We ran into a number of a11y issues and addressed as many as we could. Could still use another round of a11y testing.

Once the new users figured out how to install it, they didn’t have many issues creating a post. I’d like to do more with ultra Space Jam pro users like yourselves.

 Mega thanks to everyone involved so far:

@stephdau @azaozz @marcelomazza @ryan @kraftbj @afercia @iseulde @melchoyce @folletto @georgestephanis @helen @drewapicture @danielbachhuber @dd32 (for epic Github > SVN sync)

And thanks to all the testers so far!

#4-2, #feature-plugins, #merge, #press-this, #proposal

Press This update 2/10

The merge window is supposed to open tomorrow for feature plugins. That means it’s crunch time. Here’s where the new Press This is.

Feature Parity

one of the requirements of core is general feature parity with the old version of Press This. Here’s a comparison chart of where the new Press This is.

Feature Old New
Drag & drop install on desktop Yes Yes
Editor, including: title, image/gallery addition Yes Yes
TinyMCE buttons (minus kitchen sink) Yes Mostly [1]
Ability to publish or save as draft Yes Yes
Post formats Yes Yes
Categories Yes In Progress
Tags Yes In Progress
Content Scraping Yes Improved [2]
Media Discovery Yes Improved [3]
Alert before closing/navigating away Yes Todo
Can add to bookmarks Yes Yes
Responsive, clean design, updated icons No Yes
Fast loading (speedy!) No Yes
Mobile installation No Yes

[1] A number of TinyMCE buttons are removed intentionally. Only necessary WYSIWYG buttons are shown now.
[2] Not only is it included, but it’s quite a bit smarter than the previous one.
[3] Now is actually quite exposed in the UI.

Before Core Merge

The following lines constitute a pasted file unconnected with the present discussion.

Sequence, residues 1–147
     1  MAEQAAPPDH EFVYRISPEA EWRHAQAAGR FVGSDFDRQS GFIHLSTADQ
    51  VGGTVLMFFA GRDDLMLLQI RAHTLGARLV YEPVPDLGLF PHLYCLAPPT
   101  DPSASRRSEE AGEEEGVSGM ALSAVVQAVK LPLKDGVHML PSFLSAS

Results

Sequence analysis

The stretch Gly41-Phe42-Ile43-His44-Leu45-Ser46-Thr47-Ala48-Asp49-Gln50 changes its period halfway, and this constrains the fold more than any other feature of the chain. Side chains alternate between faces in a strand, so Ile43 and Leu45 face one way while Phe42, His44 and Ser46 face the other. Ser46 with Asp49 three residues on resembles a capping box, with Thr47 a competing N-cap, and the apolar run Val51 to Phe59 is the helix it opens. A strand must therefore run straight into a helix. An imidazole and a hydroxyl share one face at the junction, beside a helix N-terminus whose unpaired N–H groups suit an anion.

Prior to merge, there’s a bunch that still needs to be done. With that in mind, @DrewAPicture has given us an extra week to accomplish this. Even still, we have a list of things that need to be done prior to devchat tomorrow, with the rest of the list done in a week.

Before Tomorrow’s Devchat (February 11)

Before Next Wednesday’s Devchat (February 18)

  • Categories functional and live
  • Install flow functional and live
  • Side navigation JS improvements (functional)
  • Flows posted to make/flow comparing the old and new design (@ryan)
  • Another round of accessibility testing (when UI is finished)
  • All accessibility concerns addressed
  • Categories functional and live
  • JS inline docs
  • HTML validation
  • Security audit
  • Usability testing reviewed and any issues addressed
  • Verify localization (including rtl) is functional
  • Browser testing on all browsers (support parity with old Press This plus mobile)
  • Unit tests?

If we’re able to accomplish all of the above, we should be ready for merge on February 18.

Daily Chats

In this final rundown, let’s meet daily in #feature-pressthis at 17:00 UTC to make sure we’re on track for merge. Anyone interested in helping, please join us.

All development is done on Github:

Plugin on the plugin repo:


Dev Chat Summary, February 4th


Chat Archive

Decisions, Announcements

  • @drew will lead a NUX working group during the 4.2 cycle. The first chat will be held in #core-flow next Tuesday at 19:00UTC / 2:00 pm EST.
  • @ryan (hey, that’s me) will attempt to be UX lead for 2015. 🙂


Links Mentioned

Screen Shot

Continue reading


New chapters for Ryan and Westi

WordPress lead developers Ryan Boren (@ryan) and Peter Westwood (@westi) started contributing to WordPress more than a decade ago. Ryan and Peter, along with Mark and Matt, served as the foundation for much of the early years.

For some time now, Ryan and Peter have avoided weighing in on technical matters. Very simply, when you aren’t able to be active in development, you know you’re not up to speed, and you realize your words shouldn’t carry the weight that they do. Being able to make this judgment is one of the things that makes both of them such great leaders.

We’ve all been there, at least for particular features or releases. It’s worth noting, for example, that my own time on core has been cyclical for years, as sometimes I end up working full time on the security team, maintenance releases, the site, or related projects.

The great thing is, there are a lot of fantastic developers who have stepped up over the last few years to seamlessly fill in the huge holes they’ve left. Some of that culminated in promoting Helen and Dion to lead developer yesterday, and my own promotion three years ago.